- J. F. Forbes et al., “The Cosleeping Habits of Military Children,” Military Medicine 157 (1992): 196-200.
- D. A. Drago and A. L. Dannenberg, “Infant Mechanical Suffocation Deaths in the United States, 1980-1997,” Pediatrics 103, no. 5 (1999): e59.
- R. G. Carpenter et al., “Sudden Unexplained Infant Death in 20 Regions in Europe: Case Control Study,” Lancet 2004; 363: 185-191.
"The CPSC sleep study estimated that 64 deaths per year occurred in infants sleeping with parents... Around 5,000 babies die from SIDS annually in the United States." from Attachment Parenting by Martha and William Sears.
That is just 1% of all babies who die from SIDS each year. This leads me to the logical conclusion that 99% of SIDS deaths occur in CRIBS! So, should we vilify cribs?
As I'm writing this I realize that I am getting quite heated over this topic instead of giving you useful information on HOW to safely co-sleep. So, I will give you one last quote and move on.
CPSC study by Mark Vonnegut in the October 24, 1999. Boston Globe article 'Beware of Bad Science'
Now, let's talk about co-sleeping and how to do it safely...
First, it is important to understand the difference between co-sleeping and bed-sharing. Bed-sharing is co-sleeping, but not all co-sleeping is bed-sharing. Bed-sharing is exactly what it sounds like, you share your bed with your baby/child. Co-sleeping is when your baby sleeps with you in a shared space, like in a crib or bassinet in YOUR bedroom.
There are a lot of great products out there now to help parents co-sleep safely.
Bassinets and Cradles: Bassinets are great because they are small and space-saving as compared to a crib, so they are great to use in smaller rooms that don't have the space for a large crib. Many are portable so you can take it from room to room during the day and pull it right up next to your bed at night. They won't last forever though, they are usually only safe up to 15lbs.
Sidecar Co-Sleepers: These are similar to bassinets, but they have only three sides and are level with adult beds. When they are pulled up to mommy and daddy's bed it gives the feel of sharing a bed. These are usually safe up to around 25lbs.
In-Bed Sleepers: These are similar to Moses baskets. They have a firm sleeping surface for baby and they lay right in the middle of your bed. They come in fours sided and three sided options. These are a great way to ensure safe bed-sharing. The only down-side is that they take up a lot of real-estate in mommy and daddy's sleeping space.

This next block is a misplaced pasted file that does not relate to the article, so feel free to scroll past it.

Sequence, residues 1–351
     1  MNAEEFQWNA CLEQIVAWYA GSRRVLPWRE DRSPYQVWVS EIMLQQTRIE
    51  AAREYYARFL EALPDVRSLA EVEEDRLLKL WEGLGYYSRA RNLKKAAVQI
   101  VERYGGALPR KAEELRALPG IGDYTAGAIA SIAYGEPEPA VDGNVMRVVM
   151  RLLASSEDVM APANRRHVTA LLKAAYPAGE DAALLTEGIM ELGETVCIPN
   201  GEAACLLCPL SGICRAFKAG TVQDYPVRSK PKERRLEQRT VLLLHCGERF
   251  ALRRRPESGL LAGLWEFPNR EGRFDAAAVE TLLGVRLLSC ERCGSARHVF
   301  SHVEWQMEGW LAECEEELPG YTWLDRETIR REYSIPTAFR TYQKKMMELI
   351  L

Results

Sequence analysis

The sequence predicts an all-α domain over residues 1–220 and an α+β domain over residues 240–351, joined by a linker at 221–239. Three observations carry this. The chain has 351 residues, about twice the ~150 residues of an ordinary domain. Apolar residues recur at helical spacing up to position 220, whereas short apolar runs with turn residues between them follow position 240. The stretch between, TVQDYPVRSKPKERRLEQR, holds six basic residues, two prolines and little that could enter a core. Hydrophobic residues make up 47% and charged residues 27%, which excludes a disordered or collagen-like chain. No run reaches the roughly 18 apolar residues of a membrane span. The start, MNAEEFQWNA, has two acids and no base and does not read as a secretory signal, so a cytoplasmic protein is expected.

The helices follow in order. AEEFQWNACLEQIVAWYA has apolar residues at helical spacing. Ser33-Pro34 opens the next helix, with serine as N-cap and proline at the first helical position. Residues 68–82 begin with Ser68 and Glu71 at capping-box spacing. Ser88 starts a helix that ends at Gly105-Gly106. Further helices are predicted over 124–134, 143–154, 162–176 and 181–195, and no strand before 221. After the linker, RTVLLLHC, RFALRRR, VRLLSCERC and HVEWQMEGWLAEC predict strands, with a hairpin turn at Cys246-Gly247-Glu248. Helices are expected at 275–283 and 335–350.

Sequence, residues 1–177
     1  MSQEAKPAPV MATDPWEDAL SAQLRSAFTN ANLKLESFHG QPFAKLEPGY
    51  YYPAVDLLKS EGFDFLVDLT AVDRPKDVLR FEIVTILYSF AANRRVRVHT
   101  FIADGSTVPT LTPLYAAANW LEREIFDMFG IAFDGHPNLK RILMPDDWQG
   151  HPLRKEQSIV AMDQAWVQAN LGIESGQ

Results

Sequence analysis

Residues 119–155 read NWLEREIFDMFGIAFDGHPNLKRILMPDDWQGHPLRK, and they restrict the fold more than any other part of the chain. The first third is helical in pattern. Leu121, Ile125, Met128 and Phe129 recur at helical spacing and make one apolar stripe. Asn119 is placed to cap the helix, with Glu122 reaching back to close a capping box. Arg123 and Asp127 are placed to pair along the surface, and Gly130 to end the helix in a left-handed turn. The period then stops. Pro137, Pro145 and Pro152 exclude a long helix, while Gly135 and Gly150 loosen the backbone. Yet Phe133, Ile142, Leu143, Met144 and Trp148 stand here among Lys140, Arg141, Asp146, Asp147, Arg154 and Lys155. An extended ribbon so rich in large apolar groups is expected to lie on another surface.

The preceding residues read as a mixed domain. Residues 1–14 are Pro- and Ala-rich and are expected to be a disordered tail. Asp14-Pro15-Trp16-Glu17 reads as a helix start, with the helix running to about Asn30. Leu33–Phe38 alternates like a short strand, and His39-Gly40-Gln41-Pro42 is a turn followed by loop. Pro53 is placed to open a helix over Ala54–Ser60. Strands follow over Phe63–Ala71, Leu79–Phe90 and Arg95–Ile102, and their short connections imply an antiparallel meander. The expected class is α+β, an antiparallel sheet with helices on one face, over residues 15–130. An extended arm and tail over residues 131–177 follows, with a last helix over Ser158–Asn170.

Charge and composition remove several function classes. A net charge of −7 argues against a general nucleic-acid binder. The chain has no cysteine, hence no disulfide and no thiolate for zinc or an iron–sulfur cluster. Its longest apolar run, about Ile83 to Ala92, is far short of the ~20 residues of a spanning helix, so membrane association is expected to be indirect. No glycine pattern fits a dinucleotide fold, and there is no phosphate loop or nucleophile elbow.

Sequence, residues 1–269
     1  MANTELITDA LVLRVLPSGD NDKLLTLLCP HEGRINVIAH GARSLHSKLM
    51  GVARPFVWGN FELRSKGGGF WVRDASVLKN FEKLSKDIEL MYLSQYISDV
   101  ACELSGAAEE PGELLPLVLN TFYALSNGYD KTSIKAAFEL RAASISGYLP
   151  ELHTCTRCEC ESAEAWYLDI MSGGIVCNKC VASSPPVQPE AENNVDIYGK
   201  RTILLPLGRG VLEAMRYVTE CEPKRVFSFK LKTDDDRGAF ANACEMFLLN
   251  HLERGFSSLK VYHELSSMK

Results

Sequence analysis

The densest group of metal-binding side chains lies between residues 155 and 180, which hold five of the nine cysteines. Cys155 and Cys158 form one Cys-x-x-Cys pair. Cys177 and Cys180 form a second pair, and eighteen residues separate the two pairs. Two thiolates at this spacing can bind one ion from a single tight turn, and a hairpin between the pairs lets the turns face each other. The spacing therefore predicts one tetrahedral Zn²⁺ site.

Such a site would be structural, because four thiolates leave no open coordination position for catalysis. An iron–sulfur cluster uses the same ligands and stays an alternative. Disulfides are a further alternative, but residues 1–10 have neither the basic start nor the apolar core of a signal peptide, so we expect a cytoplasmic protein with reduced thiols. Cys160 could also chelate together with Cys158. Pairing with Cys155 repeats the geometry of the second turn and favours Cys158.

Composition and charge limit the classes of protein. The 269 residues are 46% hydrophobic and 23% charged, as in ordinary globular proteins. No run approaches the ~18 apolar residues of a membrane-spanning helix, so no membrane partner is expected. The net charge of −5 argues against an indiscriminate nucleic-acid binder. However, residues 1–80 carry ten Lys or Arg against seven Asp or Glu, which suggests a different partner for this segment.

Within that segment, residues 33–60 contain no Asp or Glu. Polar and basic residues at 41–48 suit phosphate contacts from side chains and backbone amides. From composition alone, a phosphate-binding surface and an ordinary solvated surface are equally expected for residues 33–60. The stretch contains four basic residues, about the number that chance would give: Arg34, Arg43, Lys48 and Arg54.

Travel Cribs: These are great option for those who don't want a full size crib in their room, but want to keep baby close after he/she has grown out of their bassinet. It is VERY important to note that travel cribs are NOT approved to be used for unsupervised sleeping. Once your baby can roll over on his/her own do not put them to sleep in a travel crib overnight.
If you prefer good, old-fashioned bed-sharing just be sure you are doing it safely.
~Don't sleep with your baby if you are under the influence of any drug (prescription or otherwise) that affects your sleep or consciousness or that makes you less aware of baby's presence.
~Avoid sleeping with your baby if you are extremely obese. Obesity can affect mother's sleep patterns, making her less aware of baby.
~Do not allow baby-sitters to sleep with baby.
~Don't allow older siblings to sleep with babies under nine months old.
~Don't sleep with baby on a couch, water bed, or other "sinky" surface where baby can be easily buried or wedged in cushions or crevices.
~Don't wear dangling jewelry or lingerie with strings.
~Avoid pungent hair sprays, deodorants, and perfumes that can irritate or clog your baby's nasal passages.
~Put baby to sleep on his/her back.
~Dress your baby appropriately. Adult bodies generate plenty of warmth so don't overdress your baby or use heavy sleep sacks.
~Make room for baby. Keep your baby's bed space clear of fluffy pillows and comforters.
~ NEVER smoke where baby sleeps!
Source: Attachment Parenting by Martha and William Sears
Now, I will leave you with these words of wisdom...
"Co-sleepers do it in the kitchen"
Come back next time for Baby B #6: Balance and Boundaries!